To categorize Cult Encounters Co as a “hip-hop supergroup” would be a misnomer. True, their roster is rather large. But the term “supergroup” seems to apply solely to already-established rappers (whether mainstream or underground) who have a sizable following, who come together and join forces (Boot Camp Clik, Slaughterhouse, and even the Weathermen, for example). The more accurate term for Cult Encounters Co would be “collective.” Not like the Borg from “Star Trek” who are all linked to one another with no traces of individuality, by rather like “chemistry”, as in they play off each other. The group, comprised of members Tylr C, $adflcko, Hypesun, Big Sharp, Jakk da Rhymer, Faze the Villain, and AllButtonsIn, are indeed a self-described hip-hop collective hailing from the Midwest to the west coast. Their second album as a collective, “Cult FM”, contains imagery reminiscent of retro wave trends from the ‘80s combined loosely with a radio theme.
Fully produced by AllButtonsIn, the album starts with “I Just Wanna Rap.” Most of the tracks on this album are posse cuts and the opening track is appropriately exactly that. It’s got the sample-heavy boom-bap theme to it even as it switches to a slightly remixed version in the middle of the song. Next comes “If It’s Trife, It’s Trife”, featuring Tylr C & $adflcko. Comprised of an airy R&B sample, both emcees wax on the subjectivity of all things “trife.” Next up are Hypesun and Big Sharp on the track “Think About It”, which starts off with production reminding me of the themes of old ‘70s TV shows like “S.W.A.T.”, but quickly upgrades into a more aggressive soundscape. So far, Hypesun is the most energetic of the group, attacking the mic with a ferocity like M.O.P. while Big Sharp’s got the gravel-vocals with punchlines. Give it a listen:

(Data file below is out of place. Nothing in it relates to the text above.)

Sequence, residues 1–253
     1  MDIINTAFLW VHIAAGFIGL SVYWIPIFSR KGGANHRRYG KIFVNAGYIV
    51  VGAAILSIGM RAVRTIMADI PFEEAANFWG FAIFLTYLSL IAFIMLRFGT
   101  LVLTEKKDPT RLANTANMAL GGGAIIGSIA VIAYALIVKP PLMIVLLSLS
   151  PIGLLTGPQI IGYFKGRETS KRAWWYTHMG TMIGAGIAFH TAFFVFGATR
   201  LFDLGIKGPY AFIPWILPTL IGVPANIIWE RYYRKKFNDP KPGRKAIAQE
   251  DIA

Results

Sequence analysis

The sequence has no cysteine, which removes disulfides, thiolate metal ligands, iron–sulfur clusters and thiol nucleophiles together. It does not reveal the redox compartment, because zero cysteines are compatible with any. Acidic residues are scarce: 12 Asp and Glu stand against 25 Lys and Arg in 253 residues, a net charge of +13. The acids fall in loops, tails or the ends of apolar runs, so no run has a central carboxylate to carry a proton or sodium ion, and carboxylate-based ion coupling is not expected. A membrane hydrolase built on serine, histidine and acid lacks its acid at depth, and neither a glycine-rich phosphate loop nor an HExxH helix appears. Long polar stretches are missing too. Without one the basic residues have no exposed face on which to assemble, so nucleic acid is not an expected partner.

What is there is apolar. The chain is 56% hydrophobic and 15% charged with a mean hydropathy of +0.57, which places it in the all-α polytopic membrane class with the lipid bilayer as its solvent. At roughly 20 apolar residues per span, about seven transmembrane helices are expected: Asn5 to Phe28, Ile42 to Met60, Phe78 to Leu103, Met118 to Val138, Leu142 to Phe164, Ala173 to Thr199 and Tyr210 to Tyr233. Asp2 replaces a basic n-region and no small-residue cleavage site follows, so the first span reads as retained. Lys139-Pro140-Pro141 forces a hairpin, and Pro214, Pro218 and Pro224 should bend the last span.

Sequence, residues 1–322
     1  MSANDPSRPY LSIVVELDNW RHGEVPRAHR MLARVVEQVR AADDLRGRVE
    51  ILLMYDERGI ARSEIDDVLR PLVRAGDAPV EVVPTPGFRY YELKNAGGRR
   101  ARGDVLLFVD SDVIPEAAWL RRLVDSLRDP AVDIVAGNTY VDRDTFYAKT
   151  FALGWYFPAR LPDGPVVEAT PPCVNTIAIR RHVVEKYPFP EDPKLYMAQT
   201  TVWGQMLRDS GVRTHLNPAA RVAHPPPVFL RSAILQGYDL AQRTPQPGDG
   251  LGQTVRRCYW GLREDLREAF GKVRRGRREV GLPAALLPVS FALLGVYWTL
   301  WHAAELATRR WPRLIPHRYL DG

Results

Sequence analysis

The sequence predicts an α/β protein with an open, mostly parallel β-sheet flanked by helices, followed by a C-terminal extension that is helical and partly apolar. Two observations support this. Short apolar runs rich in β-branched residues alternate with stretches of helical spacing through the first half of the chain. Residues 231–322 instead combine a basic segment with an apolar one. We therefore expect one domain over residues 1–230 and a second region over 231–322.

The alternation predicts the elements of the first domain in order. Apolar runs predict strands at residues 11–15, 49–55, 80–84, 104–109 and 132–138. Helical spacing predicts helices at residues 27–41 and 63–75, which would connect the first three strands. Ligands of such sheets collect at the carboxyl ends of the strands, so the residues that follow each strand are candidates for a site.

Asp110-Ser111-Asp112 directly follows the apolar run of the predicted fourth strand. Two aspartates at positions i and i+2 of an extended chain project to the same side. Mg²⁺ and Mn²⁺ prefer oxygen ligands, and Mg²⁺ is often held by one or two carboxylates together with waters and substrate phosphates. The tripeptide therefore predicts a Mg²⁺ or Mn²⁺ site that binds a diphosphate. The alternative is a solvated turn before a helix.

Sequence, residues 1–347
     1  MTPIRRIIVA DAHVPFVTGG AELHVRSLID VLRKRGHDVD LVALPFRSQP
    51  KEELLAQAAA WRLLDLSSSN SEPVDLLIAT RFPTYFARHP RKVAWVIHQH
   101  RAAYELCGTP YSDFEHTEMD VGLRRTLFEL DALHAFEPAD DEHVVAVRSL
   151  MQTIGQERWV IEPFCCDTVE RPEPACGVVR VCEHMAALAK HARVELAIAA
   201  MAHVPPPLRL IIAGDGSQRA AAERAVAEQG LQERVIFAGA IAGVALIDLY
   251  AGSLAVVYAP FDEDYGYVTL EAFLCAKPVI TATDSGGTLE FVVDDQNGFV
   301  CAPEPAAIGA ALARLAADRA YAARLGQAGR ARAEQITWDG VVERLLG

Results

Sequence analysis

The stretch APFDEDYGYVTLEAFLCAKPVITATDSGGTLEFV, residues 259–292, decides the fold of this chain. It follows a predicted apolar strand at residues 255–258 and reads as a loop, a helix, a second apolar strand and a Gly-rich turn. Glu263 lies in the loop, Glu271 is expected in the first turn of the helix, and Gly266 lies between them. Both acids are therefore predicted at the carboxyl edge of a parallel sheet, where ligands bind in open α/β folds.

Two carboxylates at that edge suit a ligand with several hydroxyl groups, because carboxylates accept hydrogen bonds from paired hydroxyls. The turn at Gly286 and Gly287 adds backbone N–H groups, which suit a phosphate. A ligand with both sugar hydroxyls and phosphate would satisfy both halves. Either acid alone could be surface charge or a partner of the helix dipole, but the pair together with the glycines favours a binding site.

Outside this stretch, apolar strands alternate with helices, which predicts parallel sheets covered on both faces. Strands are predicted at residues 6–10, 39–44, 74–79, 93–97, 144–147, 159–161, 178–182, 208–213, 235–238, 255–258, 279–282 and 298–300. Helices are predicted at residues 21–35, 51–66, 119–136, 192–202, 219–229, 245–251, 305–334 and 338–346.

“RUN!” starts with a vintage sample of “Run, Rabbit, Run!” before becoming something menacing with ominous horns and snares. Each emcee? Tylr C, $adflcko, Big Sharp, & Jakk da Rhymer all go at the mic like hip-hop serial killers, cutting down their unseen opponents. It’s topped off with a sample collage projecting the collective’s dominance. The first solo track on the album is “Domestic Violence”, courtesy of Big Sharp, rapping about the frustrations his relationship partner brings him. Needless to say, he sounds angry! The album’s sole skit, “On Your Radio “(Interlude)”, is about one minute long and is really simply a musical transition into the next track.
“Next to You” features Tylr C & $adflcko and is driven by a strong R&B sample. Both Tylr C’s and $adflcko have slightly mush-mouthed flows which convey their vulnerability and non-sexual desire for a woman. On “Sorry for the Wait”, Hypesun goes in lyrically on this one, he’s motivated and an early bird. “Claude” is interesting. AllButtonsIn’s production on this one is dark and threatening, and features Tylr C, $adflcko, and Big Sharp. Each emcee raps a narrative about an overconfident drug pusher named Claude whose lifestyle doesn’t end well for him:
Lastly, are the final three tracks. “Don’t Wanna Die Alone” has a very blues-like production and features Tylr C, $adflcko, & Faze the Villain. The topic is seemingly morbid with the raps being about being down for whatever with true friends and family. Faze the Villain has the most poignant verse, going through his contradictions when it comes to needing people. “Loss” is another Big Sharp solo track as he provides elegiac lyrics for those he loves and finding positivity in it. The Fleetwood Mac sample stands out the most in this track. And the closer, “Final Destination.” Appropriately titled, the production is like the epic orchestral samples used by the Snowgoons for Tylr C, $adflcko & New Villain to close things out. Overall, though some of the emcees in the collective can benefit from stepping their pen-game up, “Cult FM” is a solid listen mostly all the way through.